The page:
One day Anna, the 5-year-old daughter of two “proudly secular and well-educated urban Danes”, asked her mother if God had created the world. Frederick, his father, carefully explained: “The world was not created. He’s always been here. Anna didn’t buy it, so he went a little deeper: “Well, a long, long time ago there was that big bang and all of a sudden it all came out.” The girl ponders this, trying to get a feel for a concept that we all struggle with.
“God must have been surprised,” she said.
It’s an unforgettable anecdote and a perfect synthesis of Justin Barrett’s argument in his new book, Born Believers: The Science of Children’s Religious Belief. Children are not blank slates on which we write our religious or irreligious convictions. Rather, they come into the world with a strong cognitive propensity to “preinstalled” religious belief – and, as in Anna’s case, it can be difficult to shake it.
At first glance, it seems like the kind of books that atheists and laity around the world would want to memorize. After all, Barrett, a psychologist at Fuller Theological Seminary who has dedicated his career to unraveling the cognitive foundations of religious belief (his previous book, Why would anyone believe in God?, is an excellent introduction to the subject), argues with force and conviction that when it comes to children’s brains, play is against atheism. Children come into the world predisposed to believe in supernatural entities – their “minds are naturally set to believe in gods in general, and perhaps God in particular.” Drawing on a wide range of studies and experiences, including his own, Barrett shows that children do not need to be brainwashed into religion because their wiring virtually guarantees that they will be believers, in sort of whether their parents like it or not. them to be.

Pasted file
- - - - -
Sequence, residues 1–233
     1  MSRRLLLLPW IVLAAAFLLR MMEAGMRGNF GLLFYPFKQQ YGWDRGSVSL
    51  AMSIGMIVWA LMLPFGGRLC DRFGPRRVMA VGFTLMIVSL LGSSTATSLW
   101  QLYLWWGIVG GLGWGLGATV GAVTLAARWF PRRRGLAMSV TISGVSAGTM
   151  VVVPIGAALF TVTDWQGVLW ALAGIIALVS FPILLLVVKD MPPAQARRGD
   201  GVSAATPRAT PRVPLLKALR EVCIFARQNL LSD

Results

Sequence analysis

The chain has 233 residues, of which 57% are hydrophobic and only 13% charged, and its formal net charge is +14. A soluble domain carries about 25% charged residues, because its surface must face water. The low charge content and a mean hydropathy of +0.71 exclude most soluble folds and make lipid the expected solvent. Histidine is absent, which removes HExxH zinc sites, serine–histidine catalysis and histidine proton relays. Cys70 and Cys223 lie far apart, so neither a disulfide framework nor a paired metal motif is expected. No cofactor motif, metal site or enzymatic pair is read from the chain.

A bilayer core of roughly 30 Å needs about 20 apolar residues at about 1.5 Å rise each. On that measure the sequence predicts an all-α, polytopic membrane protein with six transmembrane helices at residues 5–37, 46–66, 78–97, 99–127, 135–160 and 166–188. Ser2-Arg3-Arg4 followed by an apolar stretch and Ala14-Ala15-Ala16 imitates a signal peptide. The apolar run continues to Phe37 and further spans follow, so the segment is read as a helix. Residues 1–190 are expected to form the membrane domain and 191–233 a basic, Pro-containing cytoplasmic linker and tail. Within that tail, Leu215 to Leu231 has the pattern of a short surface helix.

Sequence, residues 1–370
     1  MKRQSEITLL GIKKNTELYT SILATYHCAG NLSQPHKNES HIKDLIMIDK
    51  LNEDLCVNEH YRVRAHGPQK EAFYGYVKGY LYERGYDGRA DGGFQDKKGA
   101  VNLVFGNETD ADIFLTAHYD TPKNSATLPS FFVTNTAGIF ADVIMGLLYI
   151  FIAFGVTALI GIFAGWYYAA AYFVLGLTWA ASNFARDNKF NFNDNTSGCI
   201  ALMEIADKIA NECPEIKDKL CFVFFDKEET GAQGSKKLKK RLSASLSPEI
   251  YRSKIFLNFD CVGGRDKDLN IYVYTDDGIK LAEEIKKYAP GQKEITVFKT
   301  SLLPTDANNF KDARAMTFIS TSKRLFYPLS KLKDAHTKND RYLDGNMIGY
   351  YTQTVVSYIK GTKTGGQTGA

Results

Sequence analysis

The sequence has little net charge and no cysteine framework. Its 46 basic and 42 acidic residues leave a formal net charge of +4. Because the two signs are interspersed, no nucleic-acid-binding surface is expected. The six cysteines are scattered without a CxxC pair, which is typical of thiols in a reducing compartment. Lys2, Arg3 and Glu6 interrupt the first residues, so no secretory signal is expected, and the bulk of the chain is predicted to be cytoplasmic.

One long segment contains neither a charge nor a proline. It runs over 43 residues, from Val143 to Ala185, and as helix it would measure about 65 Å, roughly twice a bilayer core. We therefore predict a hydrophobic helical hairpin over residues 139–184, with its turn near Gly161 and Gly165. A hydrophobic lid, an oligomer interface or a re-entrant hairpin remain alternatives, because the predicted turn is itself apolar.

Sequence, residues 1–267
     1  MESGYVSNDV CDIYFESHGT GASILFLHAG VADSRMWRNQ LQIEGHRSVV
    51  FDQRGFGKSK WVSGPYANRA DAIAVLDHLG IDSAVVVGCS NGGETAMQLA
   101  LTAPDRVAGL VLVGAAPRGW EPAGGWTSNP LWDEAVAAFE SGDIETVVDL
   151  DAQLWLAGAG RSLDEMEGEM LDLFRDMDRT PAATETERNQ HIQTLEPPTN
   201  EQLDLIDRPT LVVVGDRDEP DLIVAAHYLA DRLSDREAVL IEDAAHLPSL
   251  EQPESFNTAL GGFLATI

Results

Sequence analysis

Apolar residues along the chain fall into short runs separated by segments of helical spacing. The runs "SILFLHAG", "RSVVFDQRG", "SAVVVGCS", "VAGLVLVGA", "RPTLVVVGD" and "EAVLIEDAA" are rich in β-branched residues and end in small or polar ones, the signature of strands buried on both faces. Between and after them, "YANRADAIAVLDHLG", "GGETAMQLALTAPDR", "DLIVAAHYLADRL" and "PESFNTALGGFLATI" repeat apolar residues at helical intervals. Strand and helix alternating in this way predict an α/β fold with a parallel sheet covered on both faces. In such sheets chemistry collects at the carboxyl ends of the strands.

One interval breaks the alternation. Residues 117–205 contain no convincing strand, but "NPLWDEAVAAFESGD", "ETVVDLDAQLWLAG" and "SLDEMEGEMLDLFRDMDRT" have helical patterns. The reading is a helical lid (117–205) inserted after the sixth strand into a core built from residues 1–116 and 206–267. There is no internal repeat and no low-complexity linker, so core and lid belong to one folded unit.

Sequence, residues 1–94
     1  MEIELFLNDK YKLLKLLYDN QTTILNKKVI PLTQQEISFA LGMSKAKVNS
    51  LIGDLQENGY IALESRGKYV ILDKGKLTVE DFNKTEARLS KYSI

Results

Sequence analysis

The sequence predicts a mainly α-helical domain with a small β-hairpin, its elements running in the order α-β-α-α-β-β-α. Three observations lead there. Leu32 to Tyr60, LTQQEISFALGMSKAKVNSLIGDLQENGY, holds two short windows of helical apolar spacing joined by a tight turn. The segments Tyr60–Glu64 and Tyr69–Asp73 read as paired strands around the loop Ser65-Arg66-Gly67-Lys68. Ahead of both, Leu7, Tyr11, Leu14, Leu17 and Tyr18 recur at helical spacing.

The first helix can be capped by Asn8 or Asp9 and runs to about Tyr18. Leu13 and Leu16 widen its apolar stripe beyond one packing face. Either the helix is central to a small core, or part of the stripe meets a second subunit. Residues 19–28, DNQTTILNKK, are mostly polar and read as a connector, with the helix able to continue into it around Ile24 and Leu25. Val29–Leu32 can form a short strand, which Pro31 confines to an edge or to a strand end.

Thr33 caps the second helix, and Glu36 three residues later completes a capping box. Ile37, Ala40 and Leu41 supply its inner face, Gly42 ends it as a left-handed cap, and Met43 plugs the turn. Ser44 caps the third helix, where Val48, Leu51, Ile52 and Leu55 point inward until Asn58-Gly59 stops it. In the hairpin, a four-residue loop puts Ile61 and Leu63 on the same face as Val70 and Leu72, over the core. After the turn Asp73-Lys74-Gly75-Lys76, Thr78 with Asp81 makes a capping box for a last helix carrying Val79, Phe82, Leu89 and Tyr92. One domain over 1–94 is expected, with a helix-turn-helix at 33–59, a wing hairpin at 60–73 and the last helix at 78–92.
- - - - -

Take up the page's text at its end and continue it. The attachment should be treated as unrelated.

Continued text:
From an atheist point of view, this leads to potentially fruitful arguments: we are driven to religious beliefs not because they are true, but by obsolete components of our cognitive architecture, by evolutionary accidents that may no longer serve to nothing.
But in the midst of the bubbling American culture wars, and in the wake of the rise of the “new atheists,” nothing is ever easier. And this is why Barrett, although he takes a very rigorous and scientific approach to his subject, finds himself at an intellectual disagreement with Richard Dawkins and many other atheists. This, and because he himself is a believer.
Barrett devotes a good part of Born believers to debunk the indoctrination hypothesis, the idea, as he puts it in the book, that “children believe because their parents (and other trusted adults) act as if they believe and speak like s ‘they believed “. Dawkins is one of the most fervent purveyors of this point of view (or, rather, of “evolved gullibility,” a close cousin of it), and he goes even further by asserting that it is offensive expose children to organized religion. As Barrett quotes from The illusion of god: “Even without physical abduction, isn’t it always a form of child abuse to label children as possessors of beliefs that they are too young to have thought about?”
Barrett clearly doesn’t think Dawkins has done his homework, that he’s expanding his political agenda into an area of research he’s unfamiliar with. “I think he is relatively unaware of relevant research, especially development research,” he said. “I don’t think he knows about his psychology of religion.”
“Why could that be? Well, I suspect he just has other things to do.
“He’s a biologist, a very good biologist in every way, who has this other life of promoting science and opposing religion,” Barrett said. “That may not give him enough time to really get to know the relevant research in psychology intimately.”